Last year, the “death” of Hong Kong was again declared in the Western media, as the Hong Kong government lost Hongkongers’ trust.
But not so fast: the government has been gradually regaining respect as it brings the coronavirus pandemic under some semblance of control. At the same time, Hong Kong’s unique position as a gateway to and from mainland China, along with the city’s world-class infrastructure and institutions, continues to appeal to talent and business from around the world.
So far in the pandemic, Hong Kong has had a flatter epidemic curve than most others – not to mention other major economies in Asia – which is remarkable given its status as an international transport hub. Hong Kong has achieved zero local Covid-19 cases for two weeks now.
With regard to vaccination, Hong Kong is likely to reach herd immunity by early next year. In terms of virus containment and vaccination, Hong Kong’s achievements are probably second only to mainland China’s and Macau’s.
Compared to Taiwan, another Asian Tiger, Hong Kong has done even more impressively. The Taiwanese, like Hongkongers, got into the habit of wearing masks in public during the severe acute respiratory syndrome epidemic of 2003. In the ongoing pandemic, the Taiwanese authorities were also quick to implement strict border restrictions.
Such containment measures did work for a while for Taiwan, as they have for Australia and New Zealand. But partly due to the authorities’ complacency
and hostility towards mainland China, Taiwan has seen an abrupt surge in community cases. Taiwan has been pursuing vaccine supplies directly from BioNTech, rather than Fosun, the mainland company with exclusive rights to distribute the vaccine in the Greater China region.
In contrast, the Hong Kong government’s early deployment of vaccines and prudent actions have laid a good foundation for rebuilding trust.
Meanwhile, global capital keeps flowing into Hong Kong, a mark of confidence in the city’s status as an international finance hub. Throughout 2020, the Hong Kong dollar exchange rate remained in the strong half of the convertibility zone, and the total amount of banking deposits also rose. Instead of voting with their feet, Goldman Sachs, Citigroup and other international financial institutions have expanded their headcounts in Hong Kong.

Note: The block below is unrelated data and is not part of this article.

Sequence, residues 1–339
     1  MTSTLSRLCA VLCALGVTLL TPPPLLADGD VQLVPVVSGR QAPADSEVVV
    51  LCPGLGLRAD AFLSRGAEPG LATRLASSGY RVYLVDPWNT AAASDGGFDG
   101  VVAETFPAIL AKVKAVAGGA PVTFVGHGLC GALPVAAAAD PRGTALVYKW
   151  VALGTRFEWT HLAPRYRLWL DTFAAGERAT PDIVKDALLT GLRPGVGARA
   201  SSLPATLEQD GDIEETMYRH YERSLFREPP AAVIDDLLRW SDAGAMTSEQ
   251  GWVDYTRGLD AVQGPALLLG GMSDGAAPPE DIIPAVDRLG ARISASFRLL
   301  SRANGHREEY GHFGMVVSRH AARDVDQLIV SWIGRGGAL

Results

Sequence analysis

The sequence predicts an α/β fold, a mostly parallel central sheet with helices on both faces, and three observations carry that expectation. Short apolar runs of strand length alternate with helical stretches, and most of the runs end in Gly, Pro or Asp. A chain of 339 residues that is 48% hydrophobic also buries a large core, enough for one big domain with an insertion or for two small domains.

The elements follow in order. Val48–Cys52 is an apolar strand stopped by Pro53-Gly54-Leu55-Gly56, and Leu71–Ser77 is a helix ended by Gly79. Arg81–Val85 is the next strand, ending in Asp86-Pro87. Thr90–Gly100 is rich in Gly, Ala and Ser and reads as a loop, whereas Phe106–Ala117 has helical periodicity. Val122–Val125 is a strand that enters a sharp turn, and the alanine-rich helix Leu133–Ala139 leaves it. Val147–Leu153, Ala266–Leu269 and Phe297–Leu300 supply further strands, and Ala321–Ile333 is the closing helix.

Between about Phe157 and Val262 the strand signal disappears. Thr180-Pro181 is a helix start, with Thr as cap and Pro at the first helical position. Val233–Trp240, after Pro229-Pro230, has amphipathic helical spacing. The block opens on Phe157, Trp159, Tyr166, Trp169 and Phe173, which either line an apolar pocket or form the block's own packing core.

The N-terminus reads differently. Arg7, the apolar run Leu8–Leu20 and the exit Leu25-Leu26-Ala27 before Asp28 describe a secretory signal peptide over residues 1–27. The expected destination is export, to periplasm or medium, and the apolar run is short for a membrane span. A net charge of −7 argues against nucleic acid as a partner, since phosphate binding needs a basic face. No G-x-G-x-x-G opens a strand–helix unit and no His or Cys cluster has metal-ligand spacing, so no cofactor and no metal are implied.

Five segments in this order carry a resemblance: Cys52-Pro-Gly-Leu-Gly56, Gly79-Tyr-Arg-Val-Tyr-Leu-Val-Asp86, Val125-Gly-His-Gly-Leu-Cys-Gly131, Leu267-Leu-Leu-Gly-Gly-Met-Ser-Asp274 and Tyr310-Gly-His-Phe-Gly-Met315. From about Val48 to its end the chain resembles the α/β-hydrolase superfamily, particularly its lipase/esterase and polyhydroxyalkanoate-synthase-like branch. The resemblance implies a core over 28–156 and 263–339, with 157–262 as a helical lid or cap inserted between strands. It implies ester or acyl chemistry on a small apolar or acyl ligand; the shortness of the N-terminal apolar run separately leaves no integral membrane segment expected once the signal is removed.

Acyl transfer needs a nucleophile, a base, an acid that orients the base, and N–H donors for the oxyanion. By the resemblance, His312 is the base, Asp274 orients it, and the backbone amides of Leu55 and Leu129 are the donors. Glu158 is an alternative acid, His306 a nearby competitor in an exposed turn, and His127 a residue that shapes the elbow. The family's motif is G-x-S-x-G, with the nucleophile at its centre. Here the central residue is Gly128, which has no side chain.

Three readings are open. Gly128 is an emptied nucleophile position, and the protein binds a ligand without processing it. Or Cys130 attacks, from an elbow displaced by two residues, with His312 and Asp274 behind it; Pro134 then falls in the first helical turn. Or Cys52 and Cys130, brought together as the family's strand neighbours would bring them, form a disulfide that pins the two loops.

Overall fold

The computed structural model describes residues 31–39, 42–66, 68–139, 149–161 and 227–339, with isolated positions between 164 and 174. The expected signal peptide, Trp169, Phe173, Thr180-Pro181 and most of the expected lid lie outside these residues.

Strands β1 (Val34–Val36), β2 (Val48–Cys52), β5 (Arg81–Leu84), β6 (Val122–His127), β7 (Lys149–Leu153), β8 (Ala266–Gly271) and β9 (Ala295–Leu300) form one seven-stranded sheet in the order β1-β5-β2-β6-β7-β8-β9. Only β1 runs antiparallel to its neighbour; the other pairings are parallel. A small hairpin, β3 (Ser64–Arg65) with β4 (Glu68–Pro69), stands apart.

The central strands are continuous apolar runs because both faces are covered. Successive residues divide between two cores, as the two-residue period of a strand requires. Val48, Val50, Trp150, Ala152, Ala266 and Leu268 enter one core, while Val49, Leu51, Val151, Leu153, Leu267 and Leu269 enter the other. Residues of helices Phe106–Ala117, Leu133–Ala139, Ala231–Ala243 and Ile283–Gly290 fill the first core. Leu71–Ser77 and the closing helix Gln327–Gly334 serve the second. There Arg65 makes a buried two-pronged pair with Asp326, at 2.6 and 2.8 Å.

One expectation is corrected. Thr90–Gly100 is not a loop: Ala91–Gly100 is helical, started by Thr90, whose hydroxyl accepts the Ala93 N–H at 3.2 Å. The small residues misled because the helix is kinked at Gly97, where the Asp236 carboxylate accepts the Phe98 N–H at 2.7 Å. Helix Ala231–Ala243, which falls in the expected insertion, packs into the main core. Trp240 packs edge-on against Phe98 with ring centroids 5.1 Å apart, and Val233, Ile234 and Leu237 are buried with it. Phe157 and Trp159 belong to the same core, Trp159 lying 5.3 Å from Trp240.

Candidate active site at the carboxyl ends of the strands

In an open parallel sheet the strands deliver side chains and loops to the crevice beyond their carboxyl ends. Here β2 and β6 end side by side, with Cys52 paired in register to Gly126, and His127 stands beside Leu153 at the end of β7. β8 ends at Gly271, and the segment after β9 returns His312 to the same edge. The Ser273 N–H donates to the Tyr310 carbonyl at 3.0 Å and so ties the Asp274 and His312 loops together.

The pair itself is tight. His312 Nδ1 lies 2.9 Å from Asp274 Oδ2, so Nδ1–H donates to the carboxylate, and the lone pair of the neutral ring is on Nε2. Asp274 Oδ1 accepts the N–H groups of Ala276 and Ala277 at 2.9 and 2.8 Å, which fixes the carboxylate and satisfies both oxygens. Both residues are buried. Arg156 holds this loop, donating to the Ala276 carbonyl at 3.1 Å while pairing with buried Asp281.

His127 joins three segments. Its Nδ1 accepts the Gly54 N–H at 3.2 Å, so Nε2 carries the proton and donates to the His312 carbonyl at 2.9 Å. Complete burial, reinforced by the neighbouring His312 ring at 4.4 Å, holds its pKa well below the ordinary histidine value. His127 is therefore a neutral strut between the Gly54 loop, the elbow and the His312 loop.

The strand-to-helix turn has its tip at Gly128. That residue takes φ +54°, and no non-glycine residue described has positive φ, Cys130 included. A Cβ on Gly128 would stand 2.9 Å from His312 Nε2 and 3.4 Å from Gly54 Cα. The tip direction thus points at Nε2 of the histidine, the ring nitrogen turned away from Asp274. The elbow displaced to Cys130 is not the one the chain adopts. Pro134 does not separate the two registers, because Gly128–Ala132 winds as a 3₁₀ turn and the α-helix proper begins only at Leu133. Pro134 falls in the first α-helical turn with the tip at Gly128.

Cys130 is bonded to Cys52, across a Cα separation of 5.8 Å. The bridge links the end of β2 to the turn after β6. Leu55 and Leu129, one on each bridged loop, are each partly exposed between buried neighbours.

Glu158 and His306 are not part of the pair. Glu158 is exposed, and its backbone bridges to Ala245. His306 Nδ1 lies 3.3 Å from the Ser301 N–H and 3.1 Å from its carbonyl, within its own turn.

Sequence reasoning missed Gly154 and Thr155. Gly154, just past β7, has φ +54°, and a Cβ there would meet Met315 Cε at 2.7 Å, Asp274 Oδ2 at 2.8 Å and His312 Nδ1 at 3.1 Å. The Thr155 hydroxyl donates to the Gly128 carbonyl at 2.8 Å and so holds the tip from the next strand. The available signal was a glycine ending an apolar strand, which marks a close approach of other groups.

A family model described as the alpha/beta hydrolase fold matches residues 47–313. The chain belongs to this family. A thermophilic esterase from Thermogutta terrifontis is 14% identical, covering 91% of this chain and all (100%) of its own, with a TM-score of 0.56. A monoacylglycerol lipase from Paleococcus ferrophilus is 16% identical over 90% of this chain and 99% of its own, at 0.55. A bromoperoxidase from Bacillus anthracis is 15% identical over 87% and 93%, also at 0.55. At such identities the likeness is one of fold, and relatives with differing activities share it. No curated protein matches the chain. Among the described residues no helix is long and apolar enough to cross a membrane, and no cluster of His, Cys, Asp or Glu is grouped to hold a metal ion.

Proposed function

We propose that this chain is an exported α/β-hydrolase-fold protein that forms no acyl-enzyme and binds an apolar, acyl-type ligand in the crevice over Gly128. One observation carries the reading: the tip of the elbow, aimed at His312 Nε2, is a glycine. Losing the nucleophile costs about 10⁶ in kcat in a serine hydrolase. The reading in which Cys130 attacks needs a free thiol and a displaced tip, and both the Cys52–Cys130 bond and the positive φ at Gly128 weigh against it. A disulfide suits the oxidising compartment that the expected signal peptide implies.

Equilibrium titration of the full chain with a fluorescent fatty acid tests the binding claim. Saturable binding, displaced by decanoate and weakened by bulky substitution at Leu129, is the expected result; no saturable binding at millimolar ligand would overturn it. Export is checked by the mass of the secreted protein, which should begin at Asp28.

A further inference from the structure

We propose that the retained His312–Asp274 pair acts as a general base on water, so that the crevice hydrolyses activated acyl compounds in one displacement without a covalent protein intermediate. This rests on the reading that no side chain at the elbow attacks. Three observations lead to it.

The Hong Kong economy is getting into better shape. In the first quarter, the economy grew 7.9 per cent year on year, in a V-shaped recovery. Most of Hong Kong’s key industries – financial services, trading and logistics, professional and producer services – have continued to grow. Moreover, Hong Kong is emerging as a technology and innovation centre.
Hong Kong continues to play a vital role in connecting investors, companies and markets around the world. It is keeping up with other major financial centres – London, New York and Singapore – in terms of financial infrastructure, regulation and law, while it has close links with mainland China, the world’s second-largest economy.
This unique position constantly powers Hong Kong’s economy. The city was the second-largest fundraising centre in the world last year, after Nasdaq, and it has taken the initial public offerings crown in seven of the past 12 years. Riding on Hong Kong’s international reach, Tencent, Meituan and Kuaishou are among the Chinese tech companies which have gone public, and global.
Hong Kong remains an international trade, maritime and logistics hub. Hong Kong International Airport has been the world’s busiest international airport since 1996, and Hong Kong is one of the world’s busiest container ports. According to the World Trade Organization, Hong Kong was the sixth-largest exporter of goods in the world in 2020, two places up from 2019.
Hong Kong’s common law system is more directly related to the Anglo-American-led international financial system. Compared with the civil law system, the common law system has advantages in financial litigation, arbitration, mediation and dispute settlement.
The 2021 International Arbitration Survey Report, released by Queen Mary University of London in partnership with White & Case, ranked Hong Kong as the third-most-popular arbitral hub in the world. It noted that Hong Kong’s rising popularity was affecting the standing of London, Paris and Geneva.
With regard to Hong Kong’s emergence as an innovation hub, the city has a high density of top universities. It may have a population of only 7.5 million, but it also houses five of the world’s top 100 universities, according to QS World University Rankings 2022. So it is no wonder that Frank Wang – founder of DJI, the world’s biggest consumer drone company – built flight controllers out of his dorm room at Hong Kong University of Science & Technology.
Through closer cooperation with Shenzhen, Hong Kong will contribute more inventions to the world and commercialise them swiftly.
What’s more, Hong Kong’s most precious intangible assets – openness, international flair and cultural diversity – remain intact, and the city continues to welcome global citizens seeking to study, work and live here. Hong Kong is well placed to achieve more in the years to come.